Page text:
ONE CONSEQUENCE OF THE GLOBAL CREDIT AND BANKING crisis is
an ongoing lack of available capital for so-called
middle-market companies. Big banks dont lend to smaller
businesses as freely as they once did, and firms like CIT Group
have followed suit. Meanwhile, several hedge funds have pulled
back or moved into other markets. The hedge fund
community generally was once a serious provider of private
credit to these companies, says Robert Ladd, CIO of
Stellus Capital Management.
This retreat creates a huge opportunity for firms like
Ladds. Houston-based Stellus focuses on lending to
companies with annual earnings before interest, taxes,
depreciation and amortization of $5 million to
$50 million. The firm has two main investment strategies:
a middle-market direct lending business and private equity
financing for the energy sector. Stellus invests across the
corporate capital structure, through first- and second-lien
loans and mezzanine and convertible debt as well as preferred
and common equity.
Until January the 21-person Stellus team was part of D. E.
Shaw & Co. Three of the current five partners, including
Ladd, joined the New Yorkbased investment firm in 2004
from Duke Energy Corp. to launch its direct lending division;
the other two arrived the next year. Ladd, who holds an MBA
from the University of Texas at Austin, was worldwide managing
partner for Arthur Andersens corporate restructuring
practice in the U.S. before joining Duke, where he served as
president and CEO of private capital subsidiary Duke Capital
Stellus has $1.4 billion in assets under management,
part of a subadvisory agreement with its former parent.
Although its always had a diverse business,
$26 billion-in-assets D. E. Shaw is best known for its
quantitative and technology-driven investing and trading
strategies. An illiquid provider of bespoke loans to small
companies seemed to many like an unusual fit, even if it was an
uncorrelated source of returns for the firms hedge
In 2008, D. E. Shaw raised a separate fund for its direct
capital business. But like almost every other manager, the firm
as a whole struggled in that years economic collapse.
Since then D. E. Shaw has undergone a retrenchment that
included laying off 10 percent of its staff and getting out of
certain noncore businesses. The spin-off of Stellus was part of
Ladd and his team were also keen to strike out on their own.
Given the nature of their business, they were already largely
independent. We had been interested in starting our own
firm, Ladd says. We were able to do this with the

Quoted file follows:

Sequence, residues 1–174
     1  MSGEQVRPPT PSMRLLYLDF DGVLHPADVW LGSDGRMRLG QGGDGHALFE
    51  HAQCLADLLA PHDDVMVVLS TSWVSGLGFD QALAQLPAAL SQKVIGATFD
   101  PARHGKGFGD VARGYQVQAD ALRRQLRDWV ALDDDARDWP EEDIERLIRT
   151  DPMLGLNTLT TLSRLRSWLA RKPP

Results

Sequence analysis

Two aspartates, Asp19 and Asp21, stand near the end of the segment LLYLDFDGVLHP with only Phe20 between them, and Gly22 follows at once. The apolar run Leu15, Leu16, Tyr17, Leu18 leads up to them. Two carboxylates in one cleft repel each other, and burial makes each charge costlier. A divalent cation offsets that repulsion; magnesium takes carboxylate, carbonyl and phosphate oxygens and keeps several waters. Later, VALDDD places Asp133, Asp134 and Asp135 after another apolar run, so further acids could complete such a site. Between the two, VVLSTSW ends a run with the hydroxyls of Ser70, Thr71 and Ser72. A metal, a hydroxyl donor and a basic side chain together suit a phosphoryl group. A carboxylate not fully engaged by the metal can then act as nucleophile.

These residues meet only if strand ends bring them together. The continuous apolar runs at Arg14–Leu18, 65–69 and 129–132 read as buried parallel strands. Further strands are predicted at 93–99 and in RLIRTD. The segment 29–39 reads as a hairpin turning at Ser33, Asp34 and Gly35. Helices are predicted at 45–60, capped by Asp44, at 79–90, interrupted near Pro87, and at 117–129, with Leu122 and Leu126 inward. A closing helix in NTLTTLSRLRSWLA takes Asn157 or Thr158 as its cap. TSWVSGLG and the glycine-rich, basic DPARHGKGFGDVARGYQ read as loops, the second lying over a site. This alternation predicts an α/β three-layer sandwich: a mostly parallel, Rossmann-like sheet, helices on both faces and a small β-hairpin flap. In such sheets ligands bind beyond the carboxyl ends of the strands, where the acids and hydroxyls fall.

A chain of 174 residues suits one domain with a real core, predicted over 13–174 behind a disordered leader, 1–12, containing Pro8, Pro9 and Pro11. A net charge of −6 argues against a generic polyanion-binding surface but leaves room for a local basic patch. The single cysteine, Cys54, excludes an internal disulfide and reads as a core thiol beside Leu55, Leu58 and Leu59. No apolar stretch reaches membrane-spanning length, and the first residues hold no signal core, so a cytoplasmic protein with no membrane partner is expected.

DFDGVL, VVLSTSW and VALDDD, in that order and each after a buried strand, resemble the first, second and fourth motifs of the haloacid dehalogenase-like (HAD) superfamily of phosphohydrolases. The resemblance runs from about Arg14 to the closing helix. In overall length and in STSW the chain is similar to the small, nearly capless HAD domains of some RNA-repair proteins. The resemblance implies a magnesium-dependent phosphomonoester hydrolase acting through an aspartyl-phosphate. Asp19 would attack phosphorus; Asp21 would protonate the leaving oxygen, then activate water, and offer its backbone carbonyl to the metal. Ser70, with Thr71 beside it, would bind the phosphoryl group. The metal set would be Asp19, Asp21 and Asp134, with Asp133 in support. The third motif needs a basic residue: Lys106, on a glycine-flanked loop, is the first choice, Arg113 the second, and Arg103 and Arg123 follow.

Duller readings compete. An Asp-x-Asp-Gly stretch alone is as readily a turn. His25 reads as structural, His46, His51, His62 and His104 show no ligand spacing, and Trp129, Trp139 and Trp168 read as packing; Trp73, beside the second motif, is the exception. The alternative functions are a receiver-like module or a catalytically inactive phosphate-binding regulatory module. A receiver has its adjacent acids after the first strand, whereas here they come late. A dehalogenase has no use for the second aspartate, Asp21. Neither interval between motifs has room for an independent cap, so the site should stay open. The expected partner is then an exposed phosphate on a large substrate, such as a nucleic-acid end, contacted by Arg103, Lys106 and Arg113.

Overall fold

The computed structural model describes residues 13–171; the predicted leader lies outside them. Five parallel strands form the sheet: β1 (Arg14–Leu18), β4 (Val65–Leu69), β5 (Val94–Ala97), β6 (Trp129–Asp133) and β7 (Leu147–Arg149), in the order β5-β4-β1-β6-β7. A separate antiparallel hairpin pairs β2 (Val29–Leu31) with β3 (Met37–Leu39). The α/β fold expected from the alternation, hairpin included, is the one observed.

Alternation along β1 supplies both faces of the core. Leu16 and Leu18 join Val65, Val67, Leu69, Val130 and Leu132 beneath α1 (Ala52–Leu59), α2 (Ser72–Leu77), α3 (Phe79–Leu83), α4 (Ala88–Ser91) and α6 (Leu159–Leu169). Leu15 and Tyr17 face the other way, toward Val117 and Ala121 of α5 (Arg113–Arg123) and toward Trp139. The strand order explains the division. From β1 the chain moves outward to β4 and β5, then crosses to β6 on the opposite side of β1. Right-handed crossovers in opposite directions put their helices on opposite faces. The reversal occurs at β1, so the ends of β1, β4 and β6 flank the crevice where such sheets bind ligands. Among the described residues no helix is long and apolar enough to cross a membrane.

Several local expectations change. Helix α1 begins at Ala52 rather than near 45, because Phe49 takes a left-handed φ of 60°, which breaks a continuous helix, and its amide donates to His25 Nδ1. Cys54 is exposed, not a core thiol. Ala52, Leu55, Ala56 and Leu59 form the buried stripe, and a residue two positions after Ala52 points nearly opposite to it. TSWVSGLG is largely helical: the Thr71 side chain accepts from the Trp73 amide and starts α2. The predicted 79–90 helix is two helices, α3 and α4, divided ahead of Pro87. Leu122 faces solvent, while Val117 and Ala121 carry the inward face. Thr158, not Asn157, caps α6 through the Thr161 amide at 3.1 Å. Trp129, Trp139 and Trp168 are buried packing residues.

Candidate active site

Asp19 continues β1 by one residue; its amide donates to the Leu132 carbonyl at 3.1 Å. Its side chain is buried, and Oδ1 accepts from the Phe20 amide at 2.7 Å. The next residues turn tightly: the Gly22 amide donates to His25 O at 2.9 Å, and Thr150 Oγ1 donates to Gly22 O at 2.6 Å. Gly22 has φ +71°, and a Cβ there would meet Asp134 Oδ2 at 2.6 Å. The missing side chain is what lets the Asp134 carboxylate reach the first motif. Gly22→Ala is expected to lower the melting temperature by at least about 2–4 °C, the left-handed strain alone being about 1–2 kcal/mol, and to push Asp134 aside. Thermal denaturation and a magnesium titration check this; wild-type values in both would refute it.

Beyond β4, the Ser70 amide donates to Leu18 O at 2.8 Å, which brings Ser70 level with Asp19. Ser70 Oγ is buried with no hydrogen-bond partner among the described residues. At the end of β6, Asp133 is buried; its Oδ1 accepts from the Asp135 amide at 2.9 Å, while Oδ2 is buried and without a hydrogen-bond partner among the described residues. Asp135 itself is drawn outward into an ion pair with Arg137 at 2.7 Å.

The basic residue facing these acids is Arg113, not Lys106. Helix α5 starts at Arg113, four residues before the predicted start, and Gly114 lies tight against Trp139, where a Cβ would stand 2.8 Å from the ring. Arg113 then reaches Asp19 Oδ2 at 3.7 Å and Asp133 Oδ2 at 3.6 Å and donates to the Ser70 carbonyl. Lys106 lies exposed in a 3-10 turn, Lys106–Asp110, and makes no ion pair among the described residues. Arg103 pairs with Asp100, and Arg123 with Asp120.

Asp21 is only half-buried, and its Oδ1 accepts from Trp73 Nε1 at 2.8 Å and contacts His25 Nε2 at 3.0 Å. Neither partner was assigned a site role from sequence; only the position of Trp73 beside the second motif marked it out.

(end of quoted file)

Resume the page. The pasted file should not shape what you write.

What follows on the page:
continued support of D. E. Shaw.
Louis Salkind, a member of the Executive Committee of the D.
E. Shaw group , points out that over its 24-year history his
firm has built several units that were spun off as stand-alone
businesses. For example, in 1996, D. E. Shaw launched Juno, an
Internet service and e-mail provider. A few years later the
firm decided to spin off Juno, which later merged with Internet
service provider NetZero. More recently, D. E. Shaw has
maintained a relationship with Meng (Leon) Liang, who ran its
Chinese private equity business from Hong Kong before leaving
last year to start his own firm, Ascendant Capital Partners.
The Stellus business occupies a great niche in the
middle-market direct capital sector, Salkind says.
Stellus likes what it sees in the energy industry. Ladd says
there are strong opportunities to invest in the equity of North
American junior energy companies using new forms of
technologies, such as fracking, to retrieve oil and gas from
existing deposits that were previously uneconomical to develop.
The risk-reward is more interesting on the equity side
than on the pure credit side, Ladd says of this space.
Knowing that the deposits are there makes investing less
speculative than, say, wildcatting for oil, and the companies
will sell equity at appealing prices to meet their capital
On the lending side, private equity sponsors looking to
finance middle-market buyouts have been an attractive source of
deals for Stellus. Ladd wont cite any recent transactions
where his firm has acted as lender. But he notes that almost
the entire private equity industry is looking for middle-market
deals which happen to be Stellus sweet spot.